Hertz adds more EV options

Rental car giant partners with Coda Automotive to augment its California rental fleet with 100 electric sedans that get up to 120 miles on a charge.

Hertz is adding 100 Coda EVs to its California rental fleet for 2011 as part of its Hertz Global EV initiative to introduce electric car options to its customers. Hertz

Starting in 2011, Hertz will offer a total of 100 Coda EV sedans to its California rental fleet, the company announced Tuesday.

Coda's four-door sedan gets between 90 and 120 miles on a single charge, and can be plugged in to a standard household outlet as well as a fast-charging EV station .

The deal is part of the Hertz Global EV program, in which the company plans over a period of time to add all-electric vehicle options, EV charging stations, and a car-sharing program to its existing rental car business.

In February, Hertz announced it was partnering with Nissan to offer the Leaf EV starting in 2011 at certain city rental locations in the U.S. and Europe. Then in September at the 2010 Annual Meeting of the Clinton Global Initiative (CGI) the auto rental giant announced its Hertz Global EV program and commitment to promoting electric vehicles.

Hertz already offers a "Green Collection" in its U.S. rental car lineup that includes the Smart ForTwo, the Toyota Prius, and the Nissan Altima hybrid, among others.

In addition to offering an EV option to rental car customers, the change provides a showcase to participating automakers and a venue through which drivers interested in leasing or owning an EV can experience an extended test drive.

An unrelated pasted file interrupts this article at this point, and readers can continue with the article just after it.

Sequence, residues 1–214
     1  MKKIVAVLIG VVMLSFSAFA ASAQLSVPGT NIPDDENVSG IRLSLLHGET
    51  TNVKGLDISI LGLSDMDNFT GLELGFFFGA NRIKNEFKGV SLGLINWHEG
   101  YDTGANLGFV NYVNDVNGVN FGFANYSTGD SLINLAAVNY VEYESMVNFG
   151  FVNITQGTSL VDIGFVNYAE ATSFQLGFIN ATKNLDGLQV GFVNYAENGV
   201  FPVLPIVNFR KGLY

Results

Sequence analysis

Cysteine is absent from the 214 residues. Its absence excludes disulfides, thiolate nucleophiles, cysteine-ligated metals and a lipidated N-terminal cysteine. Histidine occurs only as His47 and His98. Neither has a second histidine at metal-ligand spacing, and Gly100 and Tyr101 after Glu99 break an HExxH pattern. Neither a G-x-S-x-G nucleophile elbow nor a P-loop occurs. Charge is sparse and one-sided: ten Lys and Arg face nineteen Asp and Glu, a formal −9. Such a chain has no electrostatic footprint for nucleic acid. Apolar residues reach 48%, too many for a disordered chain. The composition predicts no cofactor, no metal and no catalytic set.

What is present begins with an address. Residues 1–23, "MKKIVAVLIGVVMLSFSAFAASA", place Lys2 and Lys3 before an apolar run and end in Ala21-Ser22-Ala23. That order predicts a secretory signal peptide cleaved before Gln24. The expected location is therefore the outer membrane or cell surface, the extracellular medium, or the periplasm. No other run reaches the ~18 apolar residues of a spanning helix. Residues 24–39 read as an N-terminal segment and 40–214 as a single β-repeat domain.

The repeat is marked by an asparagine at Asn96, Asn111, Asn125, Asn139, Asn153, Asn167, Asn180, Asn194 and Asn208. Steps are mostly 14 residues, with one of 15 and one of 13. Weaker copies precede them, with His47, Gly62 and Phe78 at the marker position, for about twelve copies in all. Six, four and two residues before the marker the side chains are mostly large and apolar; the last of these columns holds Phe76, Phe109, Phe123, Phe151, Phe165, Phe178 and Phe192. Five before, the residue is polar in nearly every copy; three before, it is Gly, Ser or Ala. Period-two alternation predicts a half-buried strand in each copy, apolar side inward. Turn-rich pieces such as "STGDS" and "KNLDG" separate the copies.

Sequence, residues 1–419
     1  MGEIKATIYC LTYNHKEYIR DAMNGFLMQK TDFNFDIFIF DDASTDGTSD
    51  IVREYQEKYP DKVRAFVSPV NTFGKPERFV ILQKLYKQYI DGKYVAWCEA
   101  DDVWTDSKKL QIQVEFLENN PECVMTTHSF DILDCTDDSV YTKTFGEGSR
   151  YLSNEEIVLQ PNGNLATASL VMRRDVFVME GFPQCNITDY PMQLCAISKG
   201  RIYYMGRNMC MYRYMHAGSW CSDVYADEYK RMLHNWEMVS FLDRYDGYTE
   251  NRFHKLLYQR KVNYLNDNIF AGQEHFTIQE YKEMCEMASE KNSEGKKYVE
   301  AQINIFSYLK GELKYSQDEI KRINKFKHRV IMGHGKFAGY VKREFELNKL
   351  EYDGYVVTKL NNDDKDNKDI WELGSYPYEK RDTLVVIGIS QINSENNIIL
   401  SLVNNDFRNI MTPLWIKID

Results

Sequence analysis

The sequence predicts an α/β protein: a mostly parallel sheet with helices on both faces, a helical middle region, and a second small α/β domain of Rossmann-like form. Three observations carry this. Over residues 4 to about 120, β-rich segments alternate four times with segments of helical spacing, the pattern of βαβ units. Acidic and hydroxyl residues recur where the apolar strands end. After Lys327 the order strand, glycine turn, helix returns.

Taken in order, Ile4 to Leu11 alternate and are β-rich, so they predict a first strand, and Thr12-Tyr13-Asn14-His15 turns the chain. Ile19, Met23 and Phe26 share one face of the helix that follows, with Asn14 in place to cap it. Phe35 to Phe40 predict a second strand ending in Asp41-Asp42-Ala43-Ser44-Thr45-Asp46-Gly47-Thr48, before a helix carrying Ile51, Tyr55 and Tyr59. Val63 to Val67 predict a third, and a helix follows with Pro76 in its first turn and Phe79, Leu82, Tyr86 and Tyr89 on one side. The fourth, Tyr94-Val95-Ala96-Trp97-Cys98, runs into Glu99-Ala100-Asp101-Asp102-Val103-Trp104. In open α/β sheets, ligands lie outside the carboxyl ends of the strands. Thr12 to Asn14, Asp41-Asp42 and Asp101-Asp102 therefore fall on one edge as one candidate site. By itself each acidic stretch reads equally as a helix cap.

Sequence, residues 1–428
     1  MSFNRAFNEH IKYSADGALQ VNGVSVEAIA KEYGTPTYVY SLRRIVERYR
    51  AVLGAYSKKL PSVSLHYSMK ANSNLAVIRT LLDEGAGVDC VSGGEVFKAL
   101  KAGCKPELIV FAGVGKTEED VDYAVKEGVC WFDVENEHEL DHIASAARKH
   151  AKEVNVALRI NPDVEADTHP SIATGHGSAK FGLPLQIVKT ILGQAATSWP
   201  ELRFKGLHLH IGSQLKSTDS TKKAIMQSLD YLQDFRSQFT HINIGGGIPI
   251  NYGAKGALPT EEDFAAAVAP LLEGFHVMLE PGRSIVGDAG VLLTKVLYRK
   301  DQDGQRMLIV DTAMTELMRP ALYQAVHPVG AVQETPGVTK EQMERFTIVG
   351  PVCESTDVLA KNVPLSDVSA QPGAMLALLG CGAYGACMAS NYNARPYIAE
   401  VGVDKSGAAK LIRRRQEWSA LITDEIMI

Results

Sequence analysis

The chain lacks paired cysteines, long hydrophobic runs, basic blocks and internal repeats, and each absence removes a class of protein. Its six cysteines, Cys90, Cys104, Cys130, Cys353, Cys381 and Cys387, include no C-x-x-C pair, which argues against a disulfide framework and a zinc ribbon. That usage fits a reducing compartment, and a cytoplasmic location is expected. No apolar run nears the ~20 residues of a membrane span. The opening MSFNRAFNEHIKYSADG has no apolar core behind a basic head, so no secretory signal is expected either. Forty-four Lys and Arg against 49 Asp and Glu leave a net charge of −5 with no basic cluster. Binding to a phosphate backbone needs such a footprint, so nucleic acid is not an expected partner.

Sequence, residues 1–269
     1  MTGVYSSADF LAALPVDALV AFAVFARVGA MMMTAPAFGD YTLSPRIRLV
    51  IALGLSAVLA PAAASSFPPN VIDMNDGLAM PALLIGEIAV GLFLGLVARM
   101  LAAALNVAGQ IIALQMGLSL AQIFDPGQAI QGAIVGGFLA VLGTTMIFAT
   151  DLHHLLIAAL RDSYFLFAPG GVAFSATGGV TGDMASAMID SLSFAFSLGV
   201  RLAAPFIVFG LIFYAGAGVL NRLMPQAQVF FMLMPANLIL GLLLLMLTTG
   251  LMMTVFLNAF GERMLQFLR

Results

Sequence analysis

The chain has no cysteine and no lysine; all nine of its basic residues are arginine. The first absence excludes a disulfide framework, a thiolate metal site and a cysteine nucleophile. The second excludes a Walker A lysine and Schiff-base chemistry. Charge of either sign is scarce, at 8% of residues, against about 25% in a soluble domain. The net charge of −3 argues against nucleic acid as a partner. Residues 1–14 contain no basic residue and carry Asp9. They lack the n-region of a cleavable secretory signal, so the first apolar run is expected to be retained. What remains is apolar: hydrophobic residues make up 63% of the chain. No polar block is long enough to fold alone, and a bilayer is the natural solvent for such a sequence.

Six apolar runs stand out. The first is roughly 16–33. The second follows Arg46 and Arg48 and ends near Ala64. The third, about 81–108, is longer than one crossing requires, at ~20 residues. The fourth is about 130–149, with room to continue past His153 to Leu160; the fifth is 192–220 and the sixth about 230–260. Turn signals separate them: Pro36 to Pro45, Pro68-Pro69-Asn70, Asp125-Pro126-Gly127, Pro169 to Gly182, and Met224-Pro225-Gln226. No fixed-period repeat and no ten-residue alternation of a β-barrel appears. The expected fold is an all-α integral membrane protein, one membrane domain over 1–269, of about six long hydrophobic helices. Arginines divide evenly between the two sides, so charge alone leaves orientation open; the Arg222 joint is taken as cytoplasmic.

Hertz' latest NeverLost GPS system informs drivers of the nearest Hertz drop-off location , in addition to offering weather updates, airport info, Yellow Pages listings, and typical GPS information. It's possible the company plans to also use the tool to inform EV drivers of the nearest available charging station.

Hertz has repeatedly said that because it already has an established network of rental locations, it is in a unique position to get its clients--consisting of "urban drivers, university students, travelers, and corporations"--interested in electric vehicles.

A recent study found that fleet buyers may have the biggest influence on whether electric vehicles are widely adopted .

About the author

In a software-driven world, it's easy to forget about the nuts and bolts. Whether it's cars, robots, personal gadgetry or industrial machines, Candace Lombardi examines the moving parts that keep our world rotating. A journalist who divides her time between the United States and the United Kingdom, Lombardi has written about technology for the sites of The New York Times, CNET, USA Today, MSN, ZDNet, Silicon.com, and GameSpot. She is a member of the CNET Blog Network and is not a current employee of CNET.

 

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